Three Rooms by Jo Hamya

Three Rooms is a novel about a young woman looking for stability in 21st century life as she drifts through a transitory year. In autumn 2018 an unnamed narrator moves into a rented room in a shared university house in Oxford, ready to take up a temporary research assistant position, but she spends most of her time scrolling Twitter and watching one of the only people she’s met do things on Instagram. When the contract ends, she finds herself in London, living on someone’s sofa and doing another temporary job at a society magazine. Once again, she feels disconnected, and as politics rolls on in the background, she considers what she can do next.

Told in the first person in a literary style with very few named characters, Three Rooms is the sort of book some people will love and others not get along with. I enjoyed it, with its clever look at privilege, class, and race, and the complications of these as the narrator takes up temporary jobs doing things from a rarified world, straddling the line between having no money and still having the ability to get a temp job at a posh magazine. I also liked the engagement with books, from the stuff about Walter Pater and Instagram to a glib commentary on modern novels which feels like it’s pointing out this book could be classed as another of them.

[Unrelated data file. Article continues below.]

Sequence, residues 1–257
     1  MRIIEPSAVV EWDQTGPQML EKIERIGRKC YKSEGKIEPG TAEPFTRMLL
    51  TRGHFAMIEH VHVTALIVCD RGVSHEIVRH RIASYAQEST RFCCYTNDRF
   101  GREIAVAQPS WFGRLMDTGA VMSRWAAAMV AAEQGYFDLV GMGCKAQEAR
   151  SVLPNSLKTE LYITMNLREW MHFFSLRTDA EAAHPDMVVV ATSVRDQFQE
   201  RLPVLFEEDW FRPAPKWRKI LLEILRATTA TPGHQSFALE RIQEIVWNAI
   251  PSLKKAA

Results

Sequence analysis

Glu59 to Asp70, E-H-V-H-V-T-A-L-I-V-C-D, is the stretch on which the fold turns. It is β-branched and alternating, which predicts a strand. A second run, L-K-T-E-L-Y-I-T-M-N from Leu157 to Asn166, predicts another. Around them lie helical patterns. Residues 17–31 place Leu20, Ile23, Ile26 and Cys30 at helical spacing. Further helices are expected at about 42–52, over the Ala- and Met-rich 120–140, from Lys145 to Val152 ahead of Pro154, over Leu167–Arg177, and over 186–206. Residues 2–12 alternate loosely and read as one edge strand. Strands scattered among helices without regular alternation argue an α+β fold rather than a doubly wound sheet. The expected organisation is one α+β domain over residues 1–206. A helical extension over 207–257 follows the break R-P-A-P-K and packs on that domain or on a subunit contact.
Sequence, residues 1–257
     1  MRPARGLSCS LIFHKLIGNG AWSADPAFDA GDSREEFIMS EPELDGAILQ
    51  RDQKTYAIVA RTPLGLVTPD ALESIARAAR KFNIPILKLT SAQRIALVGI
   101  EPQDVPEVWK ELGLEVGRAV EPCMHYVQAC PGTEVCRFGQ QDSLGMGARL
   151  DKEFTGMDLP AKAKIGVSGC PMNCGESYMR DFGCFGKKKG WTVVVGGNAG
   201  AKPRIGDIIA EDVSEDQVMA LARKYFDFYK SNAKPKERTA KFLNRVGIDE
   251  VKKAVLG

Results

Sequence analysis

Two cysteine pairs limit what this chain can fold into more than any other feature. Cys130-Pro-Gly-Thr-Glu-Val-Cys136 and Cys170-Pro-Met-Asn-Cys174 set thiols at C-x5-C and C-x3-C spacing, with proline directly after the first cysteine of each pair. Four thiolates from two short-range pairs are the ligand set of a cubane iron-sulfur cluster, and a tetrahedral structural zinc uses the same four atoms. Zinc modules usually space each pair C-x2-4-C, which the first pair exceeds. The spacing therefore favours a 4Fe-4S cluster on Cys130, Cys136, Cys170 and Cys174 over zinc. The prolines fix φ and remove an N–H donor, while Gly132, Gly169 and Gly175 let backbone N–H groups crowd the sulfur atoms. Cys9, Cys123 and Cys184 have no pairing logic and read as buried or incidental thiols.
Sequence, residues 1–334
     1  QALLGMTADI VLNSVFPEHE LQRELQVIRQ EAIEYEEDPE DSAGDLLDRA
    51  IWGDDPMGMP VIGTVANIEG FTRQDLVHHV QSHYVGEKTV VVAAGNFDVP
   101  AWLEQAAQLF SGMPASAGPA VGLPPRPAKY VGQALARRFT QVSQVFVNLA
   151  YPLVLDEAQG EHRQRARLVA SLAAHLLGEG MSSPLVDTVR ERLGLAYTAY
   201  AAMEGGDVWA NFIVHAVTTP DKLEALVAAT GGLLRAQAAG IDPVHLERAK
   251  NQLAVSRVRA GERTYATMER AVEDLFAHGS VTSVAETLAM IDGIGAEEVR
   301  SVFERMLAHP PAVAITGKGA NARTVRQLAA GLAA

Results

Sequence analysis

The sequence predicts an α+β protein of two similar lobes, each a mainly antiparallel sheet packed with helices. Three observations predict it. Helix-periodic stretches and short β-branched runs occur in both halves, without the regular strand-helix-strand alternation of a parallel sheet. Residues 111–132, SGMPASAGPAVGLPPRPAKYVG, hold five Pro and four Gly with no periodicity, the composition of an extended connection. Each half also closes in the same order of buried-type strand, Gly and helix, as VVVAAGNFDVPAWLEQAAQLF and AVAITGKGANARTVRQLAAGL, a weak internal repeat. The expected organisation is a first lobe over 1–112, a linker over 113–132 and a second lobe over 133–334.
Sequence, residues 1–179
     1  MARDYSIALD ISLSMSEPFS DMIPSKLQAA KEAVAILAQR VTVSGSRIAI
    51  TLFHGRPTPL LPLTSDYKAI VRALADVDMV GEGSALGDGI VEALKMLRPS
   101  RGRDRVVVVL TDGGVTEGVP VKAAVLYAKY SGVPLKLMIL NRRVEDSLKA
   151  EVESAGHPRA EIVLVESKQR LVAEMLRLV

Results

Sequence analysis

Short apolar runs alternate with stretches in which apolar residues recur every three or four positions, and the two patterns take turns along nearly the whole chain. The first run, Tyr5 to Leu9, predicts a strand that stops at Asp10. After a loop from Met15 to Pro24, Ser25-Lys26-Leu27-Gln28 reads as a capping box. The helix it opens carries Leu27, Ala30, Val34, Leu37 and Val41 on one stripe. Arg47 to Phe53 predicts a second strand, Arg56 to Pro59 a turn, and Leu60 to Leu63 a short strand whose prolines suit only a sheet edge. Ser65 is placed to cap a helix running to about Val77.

As it’s set at a very specific time and has a lot of politics and current events run through it, at times you do feel like there’s a bit too much Brexit going on, but that is also important to the general look at the Oxford and London worlds that provide the backdrop for a lot of the people ruling those decisions. As a fleeting first person novel, there aren’t really answers to the issues raised, but more a look at a version of millennial existence.

I have lived in both the locations in the novel in vaguely similar circumstances, which made me drawn into the character and narrative perhaps more than I might’ve been, and there are a lot of little details that bring these locations and the protagonist’s existence to life. Three Rooms presents a clash not only between sides in political issues, but also between ways in which someone can be privileged and not, and between real life and the internet.